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30% of Indian children attending private institutions, the Indian private
education market is the largest in the world. This is hardly surprising given
the population size but, for a variety of reasons, private schools are
outperforming state run institutions despite recent study showing that the
Government spends, on average, more than twice as much in educating a pupil.
The key factors behind this imbalance are inefficiencies that have become
imbedded in state schooling and efficiencies fee-paying schools have created.
To lift the performance of their own schools issue the Indian government must take
heed of both.
among the malpractices commonly associated with India’s free education are the
attacks oneducation standards and teaching practices.Schools are accused not of
completing the syllabi in the school year and the necessary equipment is not
always available. Often much power is bestowed on individual teachers who have
the ability to pass or fail their own pupils while offering extra-curricular
tuition(for a fee). Teacher absenteeism is also rife and the authorities seem
powerless to prevent.Additionally, there are stories of outright corruption
including overcharging and bribes taken to admit or promote a child, or even
issue qualification certificates.
found in the provision of school infrastructure pose the most direct threat to
a child’s education. A survey in 2013 found that of 780 schools across 13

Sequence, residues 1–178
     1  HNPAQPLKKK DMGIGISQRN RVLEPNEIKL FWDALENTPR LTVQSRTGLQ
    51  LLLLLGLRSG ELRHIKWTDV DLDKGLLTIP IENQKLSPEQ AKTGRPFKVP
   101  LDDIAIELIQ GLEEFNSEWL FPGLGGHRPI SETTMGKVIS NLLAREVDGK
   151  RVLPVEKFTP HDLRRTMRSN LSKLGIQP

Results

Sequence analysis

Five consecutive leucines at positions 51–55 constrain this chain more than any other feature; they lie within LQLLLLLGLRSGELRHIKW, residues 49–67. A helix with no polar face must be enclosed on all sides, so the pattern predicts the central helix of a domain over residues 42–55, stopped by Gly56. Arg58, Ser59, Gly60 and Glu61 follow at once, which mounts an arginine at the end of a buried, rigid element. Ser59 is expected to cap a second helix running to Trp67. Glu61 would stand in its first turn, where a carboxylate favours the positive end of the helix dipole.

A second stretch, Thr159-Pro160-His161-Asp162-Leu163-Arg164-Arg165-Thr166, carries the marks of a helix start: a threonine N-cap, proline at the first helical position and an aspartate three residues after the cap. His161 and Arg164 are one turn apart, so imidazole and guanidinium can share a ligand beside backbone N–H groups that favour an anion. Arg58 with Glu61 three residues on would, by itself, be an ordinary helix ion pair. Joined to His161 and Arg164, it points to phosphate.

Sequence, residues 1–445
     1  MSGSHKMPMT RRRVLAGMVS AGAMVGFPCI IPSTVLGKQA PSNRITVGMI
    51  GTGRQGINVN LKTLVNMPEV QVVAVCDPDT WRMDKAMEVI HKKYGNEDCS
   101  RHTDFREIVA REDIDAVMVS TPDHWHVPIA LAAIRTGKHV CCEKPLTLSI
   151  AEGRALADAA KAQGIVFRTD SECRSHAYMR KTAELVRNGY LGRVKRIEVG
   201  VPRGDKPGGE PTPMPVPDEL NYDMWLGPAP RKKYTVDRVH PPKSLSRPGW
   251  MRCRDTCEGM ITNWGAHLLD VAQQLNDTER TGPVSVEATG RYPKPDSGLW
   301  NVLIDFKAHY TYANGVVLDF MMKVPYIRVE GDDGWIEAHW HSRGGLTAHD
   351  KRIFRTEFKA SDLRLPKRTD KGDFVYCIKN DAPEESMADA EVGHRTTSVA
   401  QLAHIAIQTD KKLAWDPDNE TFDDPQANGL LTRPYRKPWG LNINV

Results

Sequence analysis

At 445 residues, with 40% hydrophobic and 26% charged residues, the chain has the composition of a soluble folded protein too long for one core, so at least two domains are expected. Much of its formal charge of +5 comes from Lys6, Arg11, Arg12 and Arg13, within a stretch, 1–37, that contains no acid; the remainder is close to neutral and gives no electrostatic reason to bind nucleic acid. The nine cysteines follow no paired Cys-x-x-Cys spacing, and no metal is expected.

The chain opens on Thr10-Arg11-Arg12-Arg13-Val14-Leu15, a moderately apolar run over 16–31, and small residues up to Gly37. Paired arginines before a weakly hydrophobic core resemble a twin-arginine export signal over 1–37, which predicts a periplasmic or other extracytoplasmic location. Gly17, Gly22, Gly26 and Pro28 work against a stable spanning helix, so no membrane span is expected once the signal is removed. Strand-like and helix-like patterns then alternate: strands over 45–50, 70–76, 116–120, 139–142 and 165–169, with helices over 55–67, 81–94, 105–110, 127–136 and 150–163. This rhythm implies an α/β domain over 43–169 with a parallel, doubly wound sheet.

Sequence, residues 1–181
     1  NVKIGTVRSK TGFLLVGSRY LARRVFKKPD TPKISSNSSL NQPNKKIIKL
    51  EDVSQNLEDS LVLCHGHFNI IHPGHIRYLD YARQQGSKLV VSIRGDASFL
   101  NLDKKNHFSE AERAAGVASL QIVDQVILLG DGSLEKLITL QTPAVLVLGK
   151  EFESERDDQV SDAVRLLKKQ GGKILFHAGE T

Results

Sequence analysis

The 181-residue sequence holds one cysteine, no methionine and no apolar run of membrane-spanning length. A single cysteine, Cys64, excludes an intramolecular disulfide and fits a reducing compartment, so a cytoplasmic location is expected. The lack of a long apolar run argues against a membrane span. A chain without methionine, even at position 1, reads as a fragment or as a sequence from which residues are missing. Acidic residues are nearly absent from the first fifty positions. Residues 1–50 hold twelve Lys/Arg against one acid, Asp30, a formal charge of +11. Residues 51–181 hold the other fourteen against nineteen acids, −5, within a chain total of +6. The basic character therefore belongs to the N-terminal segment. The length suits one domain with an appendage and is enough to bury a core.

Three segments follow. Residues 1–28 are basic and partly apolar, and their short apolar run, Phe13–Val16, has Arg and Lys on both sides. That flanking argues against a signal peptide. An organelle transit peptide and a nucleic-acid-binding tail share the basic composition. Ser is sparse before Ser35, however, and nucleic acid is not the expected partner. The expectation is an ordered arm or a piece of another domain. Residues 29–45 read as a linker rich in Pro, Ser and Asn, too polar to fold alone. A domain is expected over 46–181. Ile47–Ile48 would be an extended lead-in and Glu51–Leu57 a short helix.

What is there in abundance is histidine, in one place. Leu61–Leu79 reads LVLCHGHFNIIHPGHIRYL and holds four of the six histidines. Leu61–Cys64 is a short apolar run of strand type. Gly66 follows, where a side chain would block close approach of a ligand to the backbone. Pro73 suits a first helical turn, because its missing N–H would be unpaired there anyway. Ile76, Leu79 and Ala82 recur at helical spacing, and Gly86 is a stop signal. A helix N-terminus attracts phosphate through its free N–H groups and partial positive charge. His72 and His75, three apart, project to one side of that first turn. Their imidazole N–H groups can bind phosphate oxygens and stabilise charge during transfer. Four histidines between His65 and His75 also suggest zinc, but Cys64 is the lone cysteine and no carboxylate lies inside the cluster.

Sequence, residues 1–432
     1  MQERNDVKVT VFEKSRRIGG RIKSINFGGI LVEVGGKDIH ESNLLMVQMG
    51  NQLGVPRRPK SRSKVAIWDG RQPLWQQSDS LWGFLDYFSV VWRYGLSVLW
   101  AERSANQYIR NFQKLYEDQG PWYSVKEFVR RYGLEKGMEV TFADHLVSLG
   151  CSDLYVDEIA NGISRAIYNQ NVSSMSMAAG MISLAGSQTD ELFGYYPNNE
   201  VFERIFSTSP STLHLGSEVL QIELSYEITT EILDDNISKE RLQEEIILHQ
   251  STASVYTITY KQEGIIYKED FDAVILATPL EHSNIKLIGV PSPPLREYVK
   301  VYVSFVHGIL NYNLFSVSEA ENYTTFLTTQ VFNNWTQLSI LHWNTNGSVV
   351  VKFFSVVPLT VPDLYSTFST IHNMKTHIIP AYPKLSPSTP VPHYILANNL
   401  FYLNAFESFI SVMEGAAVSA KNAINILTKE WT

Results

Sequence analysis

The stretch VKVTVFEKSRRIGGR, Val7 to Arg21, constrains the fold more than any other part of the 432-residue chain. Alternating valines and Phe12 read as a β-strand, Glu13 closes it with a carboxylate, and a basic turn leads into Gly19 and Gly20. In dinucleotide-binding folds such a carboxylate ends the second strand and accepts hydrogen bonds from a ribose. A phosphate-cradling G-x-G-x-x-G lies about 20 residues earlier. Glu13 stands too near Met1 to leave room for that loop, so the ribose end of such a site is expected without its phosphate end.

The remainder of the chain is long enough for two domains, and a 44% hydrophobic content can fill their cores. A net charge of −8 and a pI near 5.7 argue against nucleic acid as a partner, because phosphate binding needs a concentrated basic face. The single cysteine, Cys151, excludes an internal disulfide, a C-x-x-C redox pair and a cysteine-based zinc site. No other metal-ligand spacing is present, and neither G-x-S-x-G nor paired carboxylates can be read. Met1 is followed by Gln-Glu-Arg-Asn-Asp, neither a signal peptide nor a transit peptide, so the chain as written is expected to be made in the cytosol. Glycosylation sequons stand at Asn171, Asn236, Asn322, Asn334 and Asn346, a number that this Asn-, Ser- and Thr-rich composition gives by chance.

states 30% were found to have inadequate toilet facilities and 60% had no
playground. Given this it is hardly surprising how unfashionable it has become
to teach in Government schools. Formerly a position of prestige and respect,
teaching is now seen by many graduates as a last-resort career giving rise to a
severe shortage and pushing the student:teacher ratio as high as 70:1 in
extreme cases. The lack of mentorship or access to a professional network as
well as antiquated career progression(often based on seniority rather than
performance) are obvious changes the government must make to buck this trend.
by operating in a private environment;fee-taking schools have learned to
streamline their practices to remain competitive in a diverse market.
Principles have far greater authority over their teachers and employment
contracts include performance and attendance clauses. The teachers themselves
are often less qualified so must strive to hit their targets to guarantee
employment and command less salary, allowing the private schools to reduce
the student: teacher ratios.
stand out legislation on learning in recent years is the Right to Education Act
(RTE) of 2009. This established free and compulsory education for every child
between the ages of 6 and 14 and guaranteed 25% of places at private schools for
pupils from economically weaker sections of society. The idea was to level the
playing field for poorer students however, sadly this policy has had the effect
of devaluing the education provided in state schools and, thus, exacerbating
the superiority enjoyed by private institutions. Furthermore, the RTE included
no provision for the improvement of the existing Government schools, embedding